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Sunday, 28 June 2020

Fair and Lovely drop the word 'Fair'


This is not just a wrong opinion on Twitter or a lack of diversity in an advertising campaign. Fair & Lovely (F&L) is a brand name. This means that only fair skin is beautiful. Advertisements over the years reflect this idea. Being fair

You may get a husband, a job, an audition or an award. The message is loud and clear: You can either spend years in the toilet or get an immediate upgrade with Fairness Cream because of its dark complexion.

Many dancers audition on stage in a rough script for an F&L advertisement.

'Tum,' the director pointed to the light-skinned girl, 'in the center.'

The frustrated girl sits down. And when her friend asks why she was not chosen despite her talent, she replies: "Amavasya sa face jo hai." 'If you don't understand what this means, then let me recall it for you: The girl says she didn't choose because she has a moonlit night. This advertisement is for 2017.

Tone-def advertising seems to be the hallmark of the fairness cream. Let's not forget the fiery homophobia and sexism seen in the Fair and Handsome advertisement with Shah Rukh Khan. The setting is clearly masculine Wrestler Arena [wrestling ring]. As Khan asks a wrestler to apply fairness cream, he gets angry. “Aaja Wali Gorapan Cream aur phir nail polish aur lipstick. "This means that once you start using fairness cream for women, it's only a matter of time before applying lipstick and nail polish.

Even though the world is going through a period of mass resentment, somehow, we are satisfied with this minor step. The decision to drop 'Fair' under the brand name was made as 'unbelievable', 'exemplary' and 'some new start'. Let me remind you of the last time we coined the phrase revolutionary beauty. Remember when the pigeon called the word 'anti-aging' 'anti-aging'? How did that thing change? When was the last time you looked for a pro-aging serum? More than a decade after the pro-age 'movement', we have the rise of the Instagram face. With features like botox, fillers, cheek implants, overdraw brow, lips and a cyberbose achieved with a strong mix of chiselled nose, it is the antithesis of true beauty or acknowledging your age.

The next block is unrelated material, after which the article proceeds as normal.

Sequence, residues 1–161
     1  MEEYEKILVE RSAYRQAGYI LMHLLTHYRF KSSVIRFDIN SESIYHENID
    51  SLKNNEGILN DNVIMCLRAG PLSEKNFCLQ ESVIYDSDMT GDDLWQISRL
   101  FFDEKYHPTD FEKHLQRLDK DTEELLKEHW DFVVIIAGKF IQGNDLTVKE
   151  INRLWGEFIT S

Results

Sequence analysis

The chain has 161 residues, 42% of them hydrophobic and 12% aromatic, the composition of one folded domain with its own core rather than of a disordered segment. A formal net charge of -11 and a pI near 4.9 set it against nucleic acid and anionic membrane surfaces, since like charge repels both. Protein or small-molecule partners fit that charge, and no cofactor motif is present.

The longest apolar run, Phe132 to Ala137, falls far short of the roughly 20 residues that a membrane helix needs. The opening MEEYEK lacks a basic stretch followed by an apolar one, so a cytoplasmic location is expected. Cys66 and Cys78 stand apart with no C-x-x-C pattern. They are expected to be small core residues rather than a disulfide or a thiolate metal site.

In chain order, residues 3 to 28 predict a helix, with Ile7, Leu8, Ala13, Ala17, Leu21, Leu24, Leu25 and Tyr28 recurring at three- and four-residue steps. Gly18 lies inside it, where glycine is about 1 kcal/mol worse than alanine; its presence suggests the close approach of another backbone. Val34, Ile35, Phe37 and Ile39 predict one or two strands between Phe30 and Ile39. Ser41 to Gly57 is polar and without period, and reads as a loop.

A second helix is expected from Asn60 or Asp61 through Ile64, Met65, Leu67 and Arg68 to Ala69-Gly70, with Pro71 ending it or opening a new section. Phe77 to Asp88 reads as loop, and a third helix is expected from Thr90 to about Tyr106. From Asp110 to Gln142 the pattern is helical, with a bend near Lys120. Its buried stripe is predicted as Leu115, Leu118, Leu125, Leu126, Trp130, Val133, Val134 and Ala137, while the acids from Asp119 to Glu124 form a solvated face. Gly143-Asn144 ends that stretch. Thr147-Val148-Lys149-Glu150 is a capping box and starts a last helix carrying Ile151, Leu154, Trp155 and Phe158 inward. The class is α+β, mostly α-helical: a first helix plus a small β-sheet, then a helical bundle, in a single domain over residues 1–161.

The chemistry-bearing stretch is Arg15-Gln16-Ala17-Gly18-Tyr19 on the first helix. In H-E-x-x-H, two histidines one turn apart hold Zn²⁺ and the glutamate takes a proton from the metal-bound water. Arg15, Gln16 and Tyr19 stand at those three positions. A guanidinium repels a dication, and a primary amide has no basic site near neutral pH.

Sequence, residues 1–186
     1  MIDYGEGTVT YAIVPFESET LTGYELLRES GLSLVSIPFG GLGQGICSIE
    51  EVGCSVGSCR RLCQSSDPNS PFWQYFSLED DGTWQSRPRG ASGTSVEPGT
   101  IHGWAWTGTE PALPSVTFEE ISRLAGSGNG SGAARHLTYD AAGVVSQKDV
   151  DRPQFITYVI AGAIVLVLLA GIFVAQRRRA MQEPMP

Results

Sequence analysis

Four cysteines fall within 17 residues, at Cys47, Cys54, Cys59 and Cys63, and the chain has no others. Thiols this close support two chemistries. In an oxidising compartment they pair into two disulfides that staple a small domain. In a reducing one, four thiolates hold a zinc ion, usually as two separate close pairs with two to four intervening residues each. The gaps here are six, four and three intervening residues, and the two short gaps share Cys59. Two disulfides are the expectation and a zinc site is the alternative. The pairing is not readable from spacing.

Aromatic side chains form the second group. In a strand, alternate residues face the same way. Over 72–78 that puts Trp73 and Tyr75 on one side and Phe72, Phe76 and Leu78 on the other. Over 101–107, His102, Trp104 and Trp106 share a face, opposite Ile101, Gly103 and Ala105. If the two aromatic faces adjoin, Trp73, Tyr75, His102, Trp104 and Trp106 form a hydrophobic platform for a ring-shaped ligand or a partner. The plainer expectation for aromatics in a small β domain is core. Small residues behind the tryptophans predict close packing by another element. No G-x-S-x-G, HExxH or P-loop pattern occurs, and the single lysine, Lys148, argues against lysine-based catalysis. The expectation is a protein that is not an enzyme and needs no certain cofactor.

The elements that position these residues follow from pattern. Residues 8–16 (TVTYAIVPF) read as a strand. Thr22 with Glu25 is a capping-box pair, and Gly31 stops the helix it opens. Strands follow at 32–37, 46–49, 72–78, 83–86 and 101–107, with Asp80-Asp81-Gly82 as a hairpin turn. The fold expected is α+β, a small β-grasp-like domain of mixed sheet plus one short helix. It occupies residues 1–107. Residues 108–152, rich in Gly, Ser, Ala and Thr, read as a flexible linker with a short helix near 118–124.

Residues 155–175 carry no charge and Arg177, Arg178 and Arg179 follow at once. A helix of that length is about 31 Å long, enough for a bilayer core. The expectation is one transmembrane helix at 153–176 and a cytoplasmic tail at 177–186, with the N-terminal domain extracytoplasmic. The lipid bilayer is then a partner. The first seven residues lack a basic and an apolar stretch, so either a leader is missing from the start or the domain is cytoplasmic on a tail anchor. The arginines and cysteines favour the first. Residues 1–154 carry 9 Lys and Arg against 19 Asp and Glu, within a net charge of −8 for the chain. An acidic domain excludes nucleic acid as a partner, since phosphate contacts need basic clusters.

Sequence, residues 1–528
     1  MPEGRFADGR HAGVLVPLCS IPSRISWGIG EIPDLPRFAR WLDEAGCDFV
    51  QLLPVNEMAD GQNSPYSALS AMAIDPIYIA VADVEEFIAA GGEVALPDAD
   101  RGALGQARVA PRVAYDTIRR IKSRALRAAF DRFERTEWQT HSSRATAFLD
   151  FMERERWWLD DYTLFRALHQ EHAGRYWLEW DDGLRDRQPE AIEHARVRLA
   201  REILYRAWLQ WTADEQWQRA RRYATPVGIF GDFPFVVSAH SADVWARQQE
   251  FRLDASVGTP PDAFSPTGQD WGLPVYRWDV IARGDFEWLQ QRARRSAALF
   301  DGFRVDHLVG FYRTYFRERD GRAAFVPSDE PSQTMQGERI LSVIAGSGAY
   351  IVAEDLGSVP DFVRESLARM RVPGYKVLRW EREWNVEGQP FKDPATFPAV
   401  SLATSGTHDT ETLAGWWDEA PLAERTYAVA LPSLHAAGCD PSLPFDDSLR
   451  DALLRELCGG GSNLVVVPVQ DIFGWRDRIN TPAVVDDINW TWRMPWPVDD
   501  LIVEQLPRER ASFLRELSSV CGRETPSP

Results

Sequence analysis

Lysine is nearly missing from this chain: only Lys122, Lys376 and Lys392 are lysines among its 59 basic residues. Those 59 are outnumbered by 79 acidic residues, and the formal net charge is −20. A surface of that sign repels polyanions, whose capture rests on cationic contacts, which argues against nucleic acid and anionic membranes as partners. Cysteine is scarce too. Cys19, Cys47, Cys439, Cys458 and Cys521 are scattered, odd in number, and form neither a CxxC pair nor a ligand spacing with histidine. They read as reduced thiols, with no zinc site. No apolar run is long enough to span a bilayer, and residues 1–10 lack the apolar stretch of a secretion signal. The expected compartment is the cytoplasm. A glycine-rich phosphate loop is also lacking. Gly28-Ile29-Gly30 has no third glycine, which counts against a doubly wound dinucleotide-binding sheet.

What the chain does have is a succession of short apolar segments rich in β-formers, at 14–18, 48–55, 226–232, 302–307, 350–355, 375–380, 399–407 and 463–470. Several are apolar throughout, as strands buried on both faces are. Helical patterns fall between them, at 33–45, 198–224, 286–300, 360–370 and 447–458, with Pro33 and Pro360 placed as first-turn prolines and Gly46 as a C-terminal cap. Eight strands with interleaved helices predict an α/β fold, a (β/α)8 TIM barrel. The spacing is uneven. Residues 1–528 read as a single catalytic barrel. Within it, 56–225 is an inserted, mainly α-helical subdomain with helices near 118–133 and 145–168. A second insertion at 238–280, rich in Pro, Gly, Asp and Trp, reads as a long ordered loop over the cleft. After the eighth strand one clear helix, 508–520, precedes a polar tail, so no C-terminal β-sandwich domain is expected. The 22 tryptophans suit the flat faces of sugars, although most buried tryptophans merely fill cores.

Words mean absolutely nothing; They are just another way to revive an old product so that it fits in the current context. It is not that fairness is an old concept. Not by a mile. Let's not forget that F&L is Unilever's highest-grossing product, built on our obsession with light skin. I have lost the number of requests received for tan removal face masks. Celebrity changes in India and abroad, including Jennifer Lopez, Beyoncé, Kajol and Shilpa Shetty, which have become fair with increasing fame, only serve to increase insecurity. The fascination for fairness is so deeply ingrained in our genes that it is not enough to leave just one word. In today's world of political correctness and canceled culture, abandoning 'Fair' should be seen as a genius marketing scheme and nothing more.

As I wrote this piece, Josh Rosebrook, the founder of Green Beauty explained to his followers why he used the word 'detox' for his charcoal mask. Instead of wasting time arguing whether the word is misleading, let us ask some real questions. Such as why a 21-year-old man is used to make eye creams for women in their 60s? Indicate the hypocrisy of a breast cancer donation by a company selling products with suspected carcinogens. And in this case, what concrete steps will fair and lovely take to harm hope and self-respect?

Neither the pre-era 'movement' nor this current name change will change our way of seeing. Women will continue to feel bad, as long as celebrities, influencers, brands, and magazines pursue unrealistic, photo-shaded images. Politically correct names and phrases only make room for such products to exist. Until Unilever shows the same amount of zeal to promote darkness as it does to promote fairness - it uses dark-skinned models in beauty campaigns, and indeed this cream suits the needs of Indian women Improves - I will not be impressed.

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